About this blog...

I am a former leader of a Human Terrain Team in Iraq. My intent with this blog was to identify relevant, open-source materials on Iraqi culture, society, politics, religion and economics - just about anything on or about the Iraqi population in general.

I am continuing the blog now only sporadically, as a means of information distribution in support of efforts to improve a vital program hamstrung by failures in execution.

Sunday, August 26, 2007

Assessments Galore

For some reason, a ton of assessments have come out in the last few weeks. Maybe they're trying to preempt next month's report from the administration/GEN Petraeus (which will apparently be on Sep 11). Whatever the reason, here they are:
  • First to the numbers:
    • The first one is just a rundown of lots of numerical indicators from Iraq. It's from a blog, but all of his numbers are from major media sources. (That doesn't add a ton to the credibility, but at the very least, it's what's being reported.) The numbers are never clear, though: Iraq Slogger recently discussed a GOI official suggesting that there are a lot more detainees in Iraq than reported.
    • A report from the Fund for Peace based an analysis of 12 economic, social and pol/mil indicators over the last 4 years concludes that the only viable option remaining is to break Iraq into a "Union of Iraqi States" divided by sect and independent in every facet but economics. Even if you don't agree with the conclusion, the quantitative assessment of variables and factors that are exceedingly difficult to quantify can still be useful. So much of the writing about what's happening (and what should happen) in Iraq is anecdotal and opinion-based. The rare attempt to rigorously quantify something more complex than "number of attacks" is always a worthwhile contribution. An abridged version of the report is also available.
  • The Government of Iraq (GoI):
    • This Congressional Research Service (CRS) report assessing the GoI's progress towards meeting political benchmarks concludes that "little progress has been made on the most significant political reconciliation benchmarks, but there has been progress on some of [the] minor political milestones as well as on several security benchmarks." The report goes on to list each benchmark, its original deadline, and the current status. (For all the frequency with which they're discussed, this is the first time I've actually seen the benchmarks in detail...) And remember, the CRS is a nonpartisan research body--it's the same researchers doing the same work, regardless of who's in power.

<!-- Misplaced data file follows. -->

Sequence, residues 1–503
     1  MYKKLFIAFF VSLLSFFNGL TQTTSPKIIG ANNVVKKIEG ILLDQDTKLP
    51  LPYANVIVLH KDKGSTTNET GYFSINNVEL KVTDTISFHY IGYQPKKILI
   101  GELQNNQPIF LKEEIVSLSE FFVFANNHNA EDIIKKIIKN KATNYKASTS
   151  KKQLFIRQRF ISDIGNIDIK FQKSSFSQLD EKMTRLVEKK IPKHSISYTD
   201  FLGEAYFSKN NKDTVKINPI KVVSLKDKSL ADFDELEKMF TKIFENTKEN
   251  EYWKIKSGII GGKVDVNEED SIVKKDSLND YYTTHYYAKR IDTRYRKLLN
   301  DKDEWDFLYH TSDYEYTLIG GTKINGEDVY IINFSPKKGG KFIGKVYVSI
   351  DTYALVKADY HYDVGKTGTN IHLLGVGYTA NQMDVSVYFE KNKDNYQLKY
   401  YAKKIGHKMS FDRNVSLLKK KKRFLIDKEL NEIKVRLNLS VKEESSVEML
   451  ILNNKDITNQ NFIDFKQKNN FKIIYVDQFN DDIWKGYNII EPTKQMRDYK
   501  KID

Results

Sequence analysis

• The Center for Strategic and International Studies (CSIS) just put out this report on the progress of governance and public management (GPM). Actually, the report is on how to monitor and disseminate information about programs working on GPM (mostly for the GoI and aid agencies to coordinate programs). Since the system largely relies on self-reporting and voluntary coordination, it's not surprising that there are many projects that go unreported, and potential areas for collusion or conflict that are never coordinated. Although the report is more interested in reporting methodology, there are a lot of good charts and graphs breaking down GPM programs, and the GoI's level of cooperation with them. (You have to wonder about some of these goals, though. Does someone out there actually believe that the Iraqis are just clamoring for E-governance?? (p. 22))
  • This RAND Report is actually focused on potential Iraq strategies for the US. The recommendations here are completely devoid of cultural considerations, with suggestions like "Iraq's own security forces must become less sectarian" and arguments that the US should be "supporting a functioning national unity government, preventing a Kurdish takeover of Kirkuk [and] forestalling the formation of new autonomous regions."
  • Another CRS report discusses Iran's influence in Iraq. Comments about Iran supplying weapons to some of the militias and religious and political ties between Iran and some Iraqi-Shia leadership are nothing new. However, the formal economic ties between the two countries (a free trade zone around Basrah, providing electricity, aid for infrastructure like a new airport in Najaf) are the types of ties that form a lasting and durable relationship. Iraq is now Iran's second largest non-oil export market (anyone know who's first?), with Iraq buying nearly $1.3 billion in Iranian goods annually. [And note, I am NOT NOT NOT saying these Iran ties are a bad thing; these two countries are each other's largest neighbor -- it is nearly inevitable that they either be close trading partners or end up fighting, and it's hard to call anything inevitable good or bad. Pragmatically, there's no point in judging something that will have to be accepted anyway. This relationship with Iran is simply something to be aware of, and planned for.]
  • Meanwhile, Iraq Slogger has a translation of an email allegedly making the rounds among Baghdad locals assessing the relative safety of each Baghdad neighborhood. If it is what they claim it is, these kinds of local perceptions are pretty critical, if a little vague.
I remain tremendously behind on reading, so I'm sure there's more to come soon. But I'm going to post what I've got now...

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